What could have been planned, and more useful for us to learn, is their early access, giving people three invite codes, and Fried personally doing a demo.
Fried first tweeted about HEY in February this year. That generated more than 10,000 early access signups within a day. Then a | few | people | started | tweeting about HEY; several of whom have a huge following.
I don't think the Basecamp team intentionally gave "tech influencers" access first. It's likely these people in tech are always keen to try new products (who doesn't want to try something that promises to revolutionize email?!), and some happen to have a huge following.
Then the Basecamp team slowly opened up access in June, giving people who signed up for early access three invite codes each.
People, including myself, were giving away the invite codes on Twitter, and many others were eager to get them.
Finally, there's the 37-min demo video by Fried. I originally didn't believe in the hype but caved in after watching the video. There's something powerful about a founder describing their vision and product, like Steve Jobs announcing new Apple products or Elon Musk announcing a new Tesla vehicle. Their conviction in their products adds another layer of credibility, which often creates a cult-like following and helps nudge people who are on the fence. Again, the Basecamp founders are the Basecamp brand.
In less than two weeks, more than 120,000 people signed up for HEY. This was even before the Basecamp team opened up HEY to the public. While the additional press thanks to the App Store rejection surely boosted the number, I believe tens of thousands of people would still have tried HEY.
3. Mergers, sales, and spinoffs
As mentioned earlier, the Basecamp team has built numerous other products before HEY.
Here are a few products that they have launched but eventually sold, retired, or merged into other products: Backpack (a personal organizer), Ta-da List (a to-do list app), Writeboard (a formattable text document), and Breeze (a mailing list tool for small groups), and Campfire (a team messaging app).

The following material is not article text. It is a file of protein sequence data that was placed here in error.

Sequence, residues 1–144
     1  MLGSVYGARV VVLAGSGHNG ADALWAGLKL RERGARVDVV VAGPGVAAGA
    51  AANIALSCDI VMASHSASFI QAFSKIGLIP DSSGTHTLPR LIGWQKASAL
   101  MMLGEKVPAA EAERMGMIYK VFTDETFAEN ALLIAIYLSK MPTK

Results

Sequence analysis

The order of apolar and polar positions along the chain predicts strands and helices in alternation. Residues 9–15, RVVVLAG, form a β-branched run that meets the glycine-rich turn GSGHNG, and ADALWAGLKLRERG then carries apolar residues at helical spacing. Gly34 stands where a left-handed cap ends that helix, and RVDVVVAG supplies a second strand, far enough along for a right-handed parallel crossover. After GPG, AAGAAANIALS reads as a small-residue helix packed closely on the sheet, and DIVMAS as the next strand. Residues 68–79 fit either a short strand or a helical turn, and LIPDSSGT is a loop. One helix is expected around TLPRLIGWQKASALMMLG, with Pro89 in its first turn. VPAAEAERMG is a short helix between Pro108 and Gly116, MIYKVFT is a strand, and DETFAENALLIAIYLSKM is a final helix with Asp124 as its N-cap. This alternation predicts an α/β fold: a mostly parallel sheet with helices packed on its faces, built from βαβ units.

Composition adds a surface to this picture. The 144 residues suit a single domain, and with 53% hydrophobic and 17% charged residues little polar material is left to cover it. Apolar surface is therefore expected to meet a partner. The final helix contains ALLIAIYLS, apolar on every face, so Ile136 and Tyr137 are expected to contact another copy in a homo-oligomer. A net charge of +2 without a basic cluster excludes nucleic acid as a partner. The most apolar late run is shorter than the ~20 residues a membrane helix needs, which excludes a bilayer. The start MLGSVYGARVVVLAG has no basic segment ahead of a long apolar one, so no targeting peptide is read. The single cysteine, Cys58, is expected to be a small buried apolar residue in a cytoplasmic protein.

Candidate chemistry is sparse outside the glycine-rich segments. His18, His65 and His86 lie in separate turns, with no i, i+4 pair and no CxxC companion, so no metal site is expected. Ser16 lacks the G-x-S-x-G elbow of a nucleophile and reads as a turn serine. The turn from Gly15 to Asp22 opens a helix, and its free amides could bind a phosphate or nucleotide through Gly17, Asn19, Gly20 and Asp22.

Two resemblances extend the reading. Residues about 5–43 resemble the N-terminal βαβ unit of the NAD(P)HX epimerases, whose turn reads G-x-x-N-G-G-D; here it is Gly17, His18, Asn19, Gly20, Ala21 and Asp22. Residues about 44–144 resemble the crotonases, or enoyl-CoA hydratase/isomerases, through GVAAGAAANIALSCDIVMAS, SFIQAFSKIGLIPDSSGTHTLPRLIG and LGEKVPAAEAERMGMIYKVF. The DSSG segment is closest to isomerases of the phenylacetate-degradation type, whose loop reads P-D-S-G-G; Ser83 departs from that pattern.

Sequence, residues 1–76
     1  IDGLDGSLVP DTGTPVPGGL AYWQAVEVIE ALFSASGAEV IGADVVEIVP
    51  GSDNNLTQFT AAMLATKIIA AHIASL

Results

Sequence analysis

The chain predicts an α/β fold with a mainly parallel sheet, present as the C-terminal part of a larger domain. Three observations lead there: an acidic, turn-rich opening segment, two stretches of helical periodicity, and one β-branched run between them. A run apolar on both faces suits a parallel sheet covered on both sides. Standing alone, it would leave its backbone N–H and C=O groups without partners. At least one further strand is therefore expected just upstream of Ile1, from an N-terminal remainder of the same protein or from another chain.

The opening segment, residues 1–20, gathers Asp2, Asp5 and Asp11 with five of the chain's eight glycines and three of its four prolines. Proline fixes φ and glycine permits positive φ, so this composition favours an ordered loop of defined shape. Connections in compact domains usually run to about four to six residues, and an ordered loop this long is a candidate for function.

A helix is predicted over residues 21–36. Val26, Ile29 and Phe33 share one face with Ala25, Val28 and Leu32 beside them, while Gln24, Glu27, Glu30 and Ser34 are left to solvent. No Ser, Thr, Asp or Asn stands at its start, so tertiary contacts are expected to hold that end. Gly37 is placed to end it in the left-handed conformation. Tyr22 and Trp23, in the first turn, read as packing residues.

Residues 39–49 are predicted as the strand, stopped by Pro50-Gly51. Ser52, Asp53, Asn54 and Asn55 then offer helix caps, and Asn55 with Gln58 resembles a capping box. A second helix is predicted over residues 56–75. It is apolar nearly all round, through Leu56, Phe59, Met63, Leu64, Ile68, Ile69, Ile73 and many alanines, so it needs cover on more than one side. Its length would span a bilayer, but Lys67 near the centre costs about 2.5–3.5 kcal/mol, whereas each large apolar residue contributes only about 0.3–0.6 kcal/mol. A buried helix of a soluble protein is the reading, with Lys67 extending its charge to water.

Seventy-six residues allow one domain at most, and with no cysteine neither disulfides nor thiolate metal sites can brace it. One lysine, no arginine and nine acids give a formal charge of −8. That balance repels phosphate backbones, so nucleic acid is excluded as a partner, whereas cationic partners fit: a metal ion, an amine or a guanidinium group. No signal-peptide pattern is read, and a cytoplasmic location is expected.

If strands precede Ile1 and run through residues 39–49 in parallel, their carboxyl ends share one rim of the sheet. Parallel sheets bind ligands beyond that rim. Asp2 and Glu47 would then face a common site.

Two products that did relatively better were spun off as new companies.
In 2013, the Basecamp launched Know Your Company, a team management software. In six months, they booked $390,000 in revenue. Eventually, they spun it off into a new company, which is co-owned by Claire Lew, the new CEO of Know Your Company.
When they decided to focus on just one product, Basecamp, they also spun off Highrise, a CRM software, as a subsidiary with its own team. Highrise was then their second most popular product behind Basecamp, making multi-million dollar profits annually. This venture didn't go as well as they eventually moved Highrise back to the Basecamp team and then stopped developing it altogether.
At first, I was thinking the Basecamp team might follow the same path and spin HEY off into a new company. But given how Fried and Heinemeier Hansson's identity around privacy, control, and no notifications is built into the product, I have a hunch they would prefer to own and run the company themselves. In a sense, HEY's branding around, similarly, privacy, control, and no notifications will be weaker if Fried and Heinemeier Hansson are no longer involved in building and representing the product.
Having seen at Buffer how challenging it can be to manage multiple products with a small team, I'm curious to see how the Basecamp team of 55 manages Basecamp and HEY (and hope they would share their "company secrets" as they have been doing). They do seem to know what they are doing. When I emailed their support for help, I heard back in less than an hour, sometimes in a few minutes. That's impressive.
I'm rooting for them.
: Despite the good financial results in the early stage, this strategy didn't work well for us. I wrote more about why unbundling didn't work for us.